Weekly Newspaper and Travel Guide
for Pecos Country
of West Texas
Friday, December 23, 2005
By Smokey Briggs
The best Christmas
It is terrible what life does to us. It is a gradual process. Day-by-day, a piece at a time, we lose it.
It happens so slowly we don’t even notice for the most part. But, it is stolen, none-the-less.
Well, I got a little of it back for Christmas this year and it was one of the finer presents I have ever been given.
It started with a new toy train.
Mom brought a little HO scale train set home Saturday and announced she wanted it to clickety-clack around the Christmas tree.
Well, HO scale is really too small to go around the Christmas tree, but she got a good deal and seemed happy with her purchase, so I settled in to make it work.
“This is the size you used to have, isn’t it?” she asked.
She was right, of course. As a young boy, like most young boys, I had loved trains. HO was the scale I played with.
“I thought you could use some of your old cars and stuff,” she said.
Now, in all the moves we’ve made as a couple, there has always been an old whiskey box labeled trains that makes it into the truck.
More than once I have taken grief over that box of memories. I think she thought it was actually a box of old love letters that I wrote “trains” on to throw her off the scent.
A few years back she found out it really did contain a few relics from my days as a ten-year-old engineer.
The fact that I have such a box, and that I knew exactly where it was, should have been fair warning.
Now things have changed for the better in the past 30 years when it comes to HO railroading.
The new set came with track that already had a plastic roadbed attached so you could run it on carpet - just snap together and off you go. That is a nice change from the old days of actually driving spikes to secure your track to a board.
So, pretty soon, I had the little train clickety-clacking around the tree much to Ruby and Carson’s delight. Ruby is now eight and Carson Mae is five and both are of the age when children fall in love with trains. At two months, Dixie Jo was not all that impressed. Maybe next year.
While they engineered, I retrieved my box and began to unwrap 1972 editions of a North Carolina newspaper from around much-battered locomotives and rolling stock.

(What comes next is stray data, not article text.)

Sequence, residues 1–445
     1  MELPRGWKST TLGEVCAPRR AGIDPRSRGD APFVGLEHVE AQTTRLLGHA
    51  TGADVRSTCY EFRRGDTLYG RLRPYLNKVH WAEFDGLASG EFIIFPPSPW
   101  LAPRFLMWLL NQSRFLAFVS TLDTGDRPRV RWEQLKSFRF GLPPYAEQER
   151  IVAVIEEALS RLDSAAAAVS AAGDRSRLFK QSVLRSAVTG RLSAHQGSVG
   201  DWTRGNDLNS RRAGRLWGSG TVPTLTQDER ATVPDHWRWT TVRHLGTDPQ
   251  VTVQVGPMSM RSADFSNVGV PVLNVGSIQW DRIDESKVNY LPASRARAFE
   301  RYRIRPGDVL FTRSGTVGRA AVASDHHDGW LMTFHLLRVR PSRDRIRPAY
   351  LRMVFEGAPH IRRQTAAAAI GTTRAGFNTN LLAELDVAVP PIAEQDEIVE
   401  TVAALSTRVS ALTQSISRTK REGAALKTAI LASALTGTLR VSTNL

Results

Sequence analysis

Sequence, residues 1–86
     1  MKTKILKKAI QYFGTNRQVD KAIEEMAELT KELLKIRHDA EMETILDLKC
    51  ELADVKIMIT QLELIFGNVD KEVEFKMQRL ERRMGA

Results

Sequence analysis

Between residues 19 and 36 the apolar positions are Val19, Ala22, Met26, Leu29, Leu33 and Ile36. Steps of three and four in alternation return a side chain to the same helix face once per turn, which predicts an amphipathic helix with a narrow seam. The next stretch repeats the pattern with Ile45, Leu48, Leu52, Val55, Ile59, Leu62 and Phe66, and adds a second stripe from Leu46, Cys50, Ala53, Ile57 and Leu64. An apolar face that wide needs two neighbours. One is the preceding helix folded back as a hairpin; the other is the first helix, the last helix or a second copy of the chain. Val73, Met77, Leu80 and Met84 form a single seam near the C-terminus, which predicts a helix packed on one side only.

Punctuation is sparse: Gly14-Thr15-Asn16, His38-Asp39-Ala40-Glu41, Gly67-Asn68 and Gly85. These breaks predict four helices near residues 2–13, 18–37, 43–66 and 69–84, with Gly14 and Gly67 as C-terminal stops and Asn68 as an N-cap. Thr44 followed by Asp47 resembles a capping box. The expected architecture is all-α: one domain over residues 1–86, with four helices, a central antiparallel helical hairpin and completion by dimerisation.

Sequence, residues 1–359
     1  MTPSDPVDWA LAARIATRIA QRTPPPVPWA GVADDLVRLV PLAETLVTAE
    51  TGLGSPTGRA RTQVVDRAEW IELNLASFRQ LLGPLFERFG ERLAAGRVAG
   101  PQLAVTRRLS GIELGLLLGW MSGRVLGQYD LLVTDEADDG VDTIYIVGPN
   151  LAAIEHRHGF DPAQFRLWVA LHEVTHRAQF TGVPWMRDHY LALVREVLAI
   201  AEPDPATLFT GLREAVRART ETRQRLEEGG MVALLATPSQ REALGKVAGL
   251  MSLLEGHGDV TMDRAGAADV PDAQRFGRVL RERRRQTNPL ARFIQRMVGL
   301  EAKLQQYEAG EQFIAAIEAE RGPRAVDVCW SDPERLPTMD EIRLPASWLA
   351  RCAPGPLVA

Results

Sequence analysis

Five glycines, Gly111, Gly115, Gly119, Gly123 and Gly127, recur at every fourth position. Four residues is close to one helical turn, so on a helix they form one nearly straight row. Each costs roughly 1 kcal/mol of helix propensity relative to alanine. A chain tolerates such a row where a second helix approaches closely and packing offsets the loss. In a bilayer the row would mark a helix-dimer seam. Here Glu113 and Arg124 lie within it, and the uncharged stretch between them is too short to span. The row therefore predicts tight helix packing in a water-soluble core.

And so it began.
It was about 8 p.m.
Soon we had a diesel Union Pacific locomotive that had not seen the light of day in 30 years pulling our little train.
Then the girls and I were repairing boxcars and oiling locomotives and dancing down memory lane as I told them the history of each car.
Some are really old, hand-me-downs from older railroaders.
Some were store bought. Some began life as a kit to be built on a young boy’s desk.
My favorite locomotive, a big coal-fired job, was at the bottom of the box. It had broken down just before my model railroading days came to an abrupt end at age eleven with one of those curves life occasionally throws us.
As the girls went to bed I started unscrewing tiny screws.
Some time later she was back together, and wonder of wonders, she ran. A little oil and she was hustling around the track like new, and I was ten again.
For a while, a time warp engulfed the little house in Barstow.
For a while, I was ten again. Union Pacific No. 4073 was making its way across the twisting and treacherous “Z-line” across the mountains hauling precious cargo for the people below - and Smokey Briggs had a cool hand on the throttle and confident wink for my nervous fireman as we approached that uphill curve that had claimed so many trains and crews.
How many times did 4073 make that trip that night? I do not know. When I pulled her into the roundhouse the big house was dark.
Mom and Dixie were asleep in our bed. She mumbled something about just wanting a train around the tree, and it just figured that I would turn it into a new way to clutter up her house and avoid my chores.
But, I don’t feel bad, the box labeled trains was fair warning. And, secretly, I think she knew all along what the effect of that cheap little train set might be. Mom is like that, but she would never admit it.
I pulled the covers up and marveled at the carefree state of my mind. It’s nothing really to marvel at. It is the effect of playing. Kids are smart enough to do it all the time.
Grownups are stupid. They forget what is really important in life.
In mid-thought my mind switched from conscious to unconscious - just as I used to fall asleep when I was a child.
My final thought was about how good the morning was going to be. Two of my best friends were sleeping over and would wake in the morning to find that Union Pacific No. 4073 had been resurrected from the scrap heap and was waiting her new engineer and fireman.
And, that next morning Carson and Ruby were the first all-girl crew in the history of the privately owned “Z line” to take the controls of Union Pacific No. 4073.
We played and played.
So, thanks Mom. This year, for Christmas I got to be a little boy again. This year, for a little while, I got to be a child. And I got to play - really play - totally absorbed and oblivious to all but trains and my best friends. It was perhaps the best present I’ve ever gotten, except maybe for the year No. 4073 was under the tree.
Merry Christmas everybody.
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York M. "Smokey" Briggs, Publisher
324 S. Cedar St., Pecos, TX 79772
Phone 432-445-5475, FAX 432-445-4321
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